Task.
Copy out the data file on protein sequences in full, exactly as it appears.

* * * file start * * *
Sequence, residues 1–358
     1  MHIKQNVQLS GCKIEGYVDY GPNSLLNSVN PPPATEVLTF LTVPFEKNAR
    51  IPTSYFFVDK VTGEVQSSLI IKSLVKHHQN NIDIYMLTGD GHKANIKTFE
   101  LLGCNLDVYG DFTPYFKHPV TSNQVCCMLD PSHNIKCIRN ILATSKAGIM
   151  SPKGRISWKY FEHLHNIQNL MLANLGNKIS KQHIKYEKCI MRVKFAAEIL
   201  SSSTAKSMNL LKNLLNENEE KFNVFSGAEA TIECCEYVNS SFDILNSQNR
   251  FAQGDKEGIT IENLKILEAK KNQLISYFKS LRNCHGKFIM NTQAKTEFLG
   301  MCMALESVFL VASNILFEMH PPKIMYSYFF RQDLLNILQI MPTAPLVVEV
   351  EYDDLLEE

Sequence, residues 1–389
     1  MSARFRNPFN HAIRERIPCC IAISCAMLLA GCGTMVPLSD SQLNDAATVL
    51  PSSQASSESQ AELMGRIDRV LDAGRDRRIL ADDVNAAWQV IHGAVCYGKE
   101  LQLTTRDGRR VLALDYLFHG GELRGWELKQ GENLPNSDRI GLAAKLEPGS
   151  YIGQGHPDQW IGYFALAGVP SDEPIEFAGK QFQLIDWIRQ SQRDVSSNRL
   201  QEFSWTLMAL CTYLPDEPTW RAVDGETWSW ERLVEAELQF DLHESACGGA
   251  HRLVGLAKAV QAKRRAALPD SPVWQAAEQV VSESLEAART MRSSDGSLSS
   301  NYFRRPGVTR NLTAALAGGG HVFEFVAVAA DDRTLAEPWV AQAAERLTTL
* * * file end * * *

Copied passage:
Sequence, residues 1–358
     1  MHIKQNVQLS GCKIEGYVDY GPNSLLNSVN PPPATEVLTF LTVPFEKNAR
    51  IPTSYFFVDK VTGEVQSSLI IKSLVKHHQN NIDIYMLTGD GHKANIKTFE
   101  LLGCNLDVYG DFTPYFKHPV TSNQVCCMLD PSHNIKCIRN ILATSKAGIM
   151  SPKGRISWKY FEHLHNIQNL MLANLGNKIS KQHIKYEKCI MRVKFAAEIL
   201  SSSTAKSMNL LKNLLNENEE KFNVFSGAEA TIECCEYVNS SFDILNSQNR
   251  FAQGDKEGIT IENLKILEAK KNQLISYFKS LRNCHGKFIM NTQAKTEFLG
   301  MCMALESVFL VASNILFEMH PPKIMYSYFF RQDLLNILQI MPTAPLVVEV
   351  EYDDLLEE

Sequence, residues 1–389
     1  MSARFRNPFN HAIRERIPCC IAISCAMLLA GCGTMVPLSD SQLNDAATVL
    51  PSSQASSESQ AELMGRIDRV LDAGRDRRIL ADDVNAAWQV IHGAVCYGKE
   101  LQLTTRDGRR VLALDYLFHG GELRGWELKQ GENLPNSDRI GLAAKLEPGS
   151  YIGQGHPDQW IGYFALAGVP SDEPIEFAGK QFQLIDWIRQ SQRDVSSNRL
   201  QEFSWTLMAL CTYLPDEPTW RAVDGETWSW ERLVEAELQF DLHESACGGA
   251  HRLVGLAKAV QAKRRAALPD SPVWQAAEQV VSESLEAART MRSSDGSLSS
   301  NYFRRPGVTR NLTAALAGGG HVFEFVAVAA DDRTLAEPWV AQAAERLTTL